Share something you learned about playing your character.
I’ll be honest, I’m not going to share something. I’m going to share some things. But you’re probably used to that.
I say it often ~ the “real” character tends to show up over time. It doesn’t matter if it is a PC or a GM run NPC. The more that I play a character, the more their real personality starts to emerge. Sure, I can start out with a basic concept, & the game may actually contain formal procedures for defining flaws, drives, motivation, bonds, vows, and a host of other elements that help make them more than just a set of numbers on a sheet with a cool name. However, I have learned that the actual character will take time to emerge. Sometimes they can surprise me as they turn out different than my original concept. While I have grown to really like many of the systems that contain the prompts for representing the pieces of the character’s personality, I’ve found that they don’t give birth to the character that shows up. At best they act as an attentive midwife.
I also learned something very important related to what I just talked about. ~ If I don’t play the character that starts to emerge, I don’t feel comfortable & I don’t enjoy the game as much. Now I’m not talking about “My Guy Syndrome” or being oppositional & petulant. Rather, if I fight my instincts about who the character is, what they want, & what they would do because I don’t want to upset the other players, I start to really feel disconnected and start to wonder when we will call it a night. ~ For me, it pays to accept who the character is & let them come out.
Very often what I learn playing a character is actually something about myself.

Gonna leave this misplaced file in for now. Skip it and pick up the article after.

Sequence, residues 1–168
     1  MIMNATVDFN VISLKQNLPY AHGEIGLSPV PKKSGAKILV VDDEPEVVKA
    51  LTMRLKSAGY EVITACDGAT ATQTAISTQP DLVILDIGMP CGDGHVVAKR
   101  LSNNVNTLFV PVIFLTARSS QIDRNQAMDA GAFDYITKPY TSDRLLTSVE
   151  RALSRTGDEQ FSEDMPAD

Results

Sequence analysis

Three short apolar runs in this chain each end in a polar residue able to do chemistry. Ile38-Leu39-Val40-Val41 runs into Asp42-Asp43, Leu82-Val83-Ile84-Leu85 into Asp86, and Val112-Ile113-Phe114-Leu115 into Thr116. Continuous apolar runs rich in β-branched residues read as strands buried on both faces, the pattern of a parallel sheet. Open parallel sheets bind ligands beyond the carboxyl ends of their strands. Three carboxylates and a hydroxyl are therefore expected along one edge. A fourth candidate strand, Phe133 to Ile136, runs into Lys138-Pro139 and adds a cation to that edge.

Tomorrow, on the last day of RPGaDAY, after our successful first excercise in polemics regarding rules, BEHOLD! The Tribunal will once again hold a round table consisting of myself, Sam, Jason, & Scott. The subject to be argued about and pontificated upon will be Immersion. Scott’s thesis is along the lines that there is no such thing as immersion in character because you always play yourself.
While I disagree, Scott’s assertion does have a nugget of truth in it. Ignoring the times that I have simply played an avatar of myself with or without “cool powers”, I can still identify some aspect or another of myself in most characters that I play. ~ This shouldn’t be shocking, as humans do have a substantial amount of overlap in what makes them tick. Just because my character is a fictional person doesn’t mean that they won’t share things in common with me or you.
RPGs are unique as we can experience and experiment with parts of life from a safe distance. Stepping into the shoes of another person I can experience events and perspectives that I would otherwise never have the opportunity to encounter. Very often this is because the character we have chosen to inhabit is very different from us. ~ However, there are times when it’s not so much that the character is markedly different from me in some area or another, but their relationship with consequences might be.
In real life I have a tendency to be rather risk-averse. This is something that I continue to work on. Many, but not all of my recent characters have been more willing to take chances and to stand up for their values & beliefs. While some of you could have fun playing armchair psychiatrist with me over this, what I find more interesting is how the system itself affects how similarly constructed characters behave depending upon the consequences built into the system.
As I mentioned in the recent past, I have learned that while a character concept may be similar or identical, the way in which a given system represents or models consequences can profoundly affect not only how I play them, but upon how the character “feels” as a whole. The ability of the character to act and make meaningful or difficult decisions despite the potential consequences is just another factor in this equation. This is something that I continue to explore & examine. What it tells me about my own relationship to risk, & how I view consequences, the things that I most value, & the priorities I have in life ~ all that is worth the cost of dice & a few hours of my time.